“You’re not stuck in traffic.  You are traffic.”  -source unknown

Thoreau is purported to have said that most men lead lives of quiet desperation.  Women, too, for that matter. This is not to question Thoreau’s  inclusiveness.  Times were different.  Some things change.

Others, not so much.   Both men and women seem pretty desperate these days, especially when they’re crawling down the road in their automobiles.  You see it etched in their faces and, truth be told, it’s not always quiet.

Traffic is costly and stressful. The solution is not to create an environment where there’s more of this. The solution is to opt-out to the fullest extent possible.

The folks at the Transportation Institute  at Texas A&M University (TTI) in College Station have a lot to say about this.  I’ve respected their work for a long time, mostly because they’re all about safety and they don’t seem to have some hidden political agenda driving their findings like so many other folks seem to nowadays. The Aggies just gather data and then slice and dice it in various ways. What you see is what you get.  You don’t have to dig too deeply to come to the unmistakable conclusion that:

  1. Congestion is bad and…
  2. It’s getting worse.

The average urban/suburban American spends over 40 hours (one work week) per year stuck in traffic.  This compares to 18 hours back in 1982 shortly after I graduated from college.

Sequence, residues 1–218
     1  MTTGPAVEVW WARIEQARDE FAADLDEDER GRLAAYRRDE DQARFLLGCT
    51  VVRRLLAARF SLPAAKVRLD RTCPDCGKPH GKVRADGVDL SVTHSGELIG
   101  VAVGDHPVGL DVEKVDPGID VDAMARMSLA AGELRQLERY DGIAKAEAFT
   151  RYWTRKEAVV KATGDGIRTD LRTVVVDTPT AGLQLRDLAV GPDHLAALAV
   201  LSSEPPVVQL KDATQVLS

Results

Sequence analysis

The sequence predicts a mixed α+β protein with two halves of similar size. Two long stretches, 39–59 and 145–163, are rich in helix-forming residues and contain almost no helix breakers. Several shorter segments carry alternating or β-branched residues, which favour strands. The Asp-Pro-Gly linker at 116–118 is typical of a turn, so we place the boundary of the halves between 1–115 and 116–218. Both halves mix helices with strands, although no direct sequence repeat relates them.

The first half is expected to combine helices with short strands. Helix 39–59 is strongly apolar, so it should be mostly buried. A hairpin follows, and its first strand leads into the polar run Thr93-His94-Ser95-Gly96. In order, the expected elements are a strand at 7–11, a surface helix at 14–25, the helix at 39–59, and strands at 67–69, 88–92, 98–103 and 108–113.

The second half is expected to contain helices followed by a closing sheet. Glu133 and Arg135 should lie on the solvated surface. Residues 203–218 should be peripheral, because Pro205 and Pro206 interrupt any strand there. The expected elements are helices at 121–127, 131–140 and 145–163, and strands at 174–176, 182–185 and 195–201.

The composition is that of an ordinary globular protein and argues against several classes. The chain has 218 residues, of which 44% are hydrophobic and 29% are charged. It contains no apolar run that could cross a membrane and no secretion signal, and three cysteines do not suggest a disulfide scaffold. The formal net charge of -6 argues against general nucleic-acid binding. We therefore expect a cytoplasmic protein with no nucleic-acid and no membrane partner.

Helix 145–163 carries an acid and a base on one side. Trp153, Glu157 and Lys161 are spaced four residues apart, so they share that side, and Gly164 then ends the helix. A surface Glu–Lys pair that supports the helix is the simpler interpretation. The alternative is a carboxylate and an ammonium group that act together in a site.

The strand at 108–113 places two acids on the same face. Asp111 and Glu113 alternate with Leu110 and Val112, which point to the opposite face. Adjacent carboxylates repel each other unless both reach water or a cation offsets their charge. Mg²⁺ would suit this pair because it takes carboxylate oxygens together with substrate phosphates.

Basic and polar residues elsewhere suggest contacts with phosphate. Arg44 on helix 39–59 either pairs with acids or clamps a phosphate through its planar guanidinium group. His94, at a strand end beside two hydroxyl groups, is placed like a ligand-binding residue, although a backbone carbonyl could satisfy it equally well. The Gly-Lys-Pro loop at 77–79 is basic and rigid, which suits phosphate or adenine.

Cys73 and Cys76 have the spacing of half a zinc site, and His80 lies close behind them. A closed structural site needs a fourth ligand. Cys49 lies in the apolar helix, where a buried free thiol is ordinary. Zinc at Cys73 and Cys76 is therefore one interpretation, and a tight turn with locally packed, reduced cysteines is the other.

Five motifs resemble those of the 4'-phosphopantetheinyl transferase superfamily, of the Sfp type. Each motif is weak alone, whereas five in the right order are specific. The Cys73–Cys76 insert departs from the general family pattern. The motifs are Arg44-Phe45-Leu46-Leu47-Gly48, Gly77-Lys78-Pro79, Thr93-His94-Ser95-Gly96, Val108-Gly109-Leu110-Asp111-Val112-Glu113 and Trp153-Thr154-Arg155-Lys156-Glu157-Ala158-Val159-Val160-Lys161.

So it makes sense that people in cars are stressed out.  What doesn’t make sense is the “not-so-quiet” desperation part.   Why do they continue to put up with it?  There’s always an alternative to just about any problem we face, so why don’t they figure it out?  Many motorists complain to high heaven about the lack of roads and yet most don’t want to pay the freight required to get the few that actually do exist fixed….never mind building more.  If you build them, you have to maintain them.  Where’s that money for that going to come from?

That’s the crux of the matter right there.  It is yet another of life’s great paradoxes that we don’t have too few roads…we have too many.  Most of these roads sit empty most of the time.  We build for peak demand, those two or three hours per day when traffic is the heaviest.  If we could somehow reduce that peak demand, we’d save billions of dollars and have more livable communities to boot.

Then there’s this.  Most new roads are not even built for the convenience of motorists.    I’ve been wanting to say this publicly for a long time and now I have.  It’s true.  It’s the proverbial Big Lie that sways public opinion in favor of more roads.  In reality, roads are built to unlock raw land for development.  It’s obvious from a bike.  Then, once that land is developed, we call it sprawl.  Nobody likes sprawl but everybody with a car likes new roads.  Go figure.

This is why it is so important to live consciously rather than sleepwalk through life.  The solution is not more roads.  The solution is to choose to opt out of the destructive “all-car-all-the-time” culture.  The solution is to tie the costs of human mobility to the benefits…something most of us don’t ever do.  If we did, we would choose to move smarter and that, in turn, would lower peak demand.

Fortunately, more and more communities are giving people the option to leave the car in the garage.   It’s not just big cities, either.  Suburbs and even small towns are becoming more bicycle and pedestrian friendly.  Many are taking unorthodox approaches.   It’s not about pavement.  It’s bigger than that.  Nor is it social experimenting as some cynical naysayers claim.  What it is, is common sense.  It’s a way forward.  It’s a solution in a way that doing more of what we’ve been doing for the last sixty years isn’t…

…and never will be.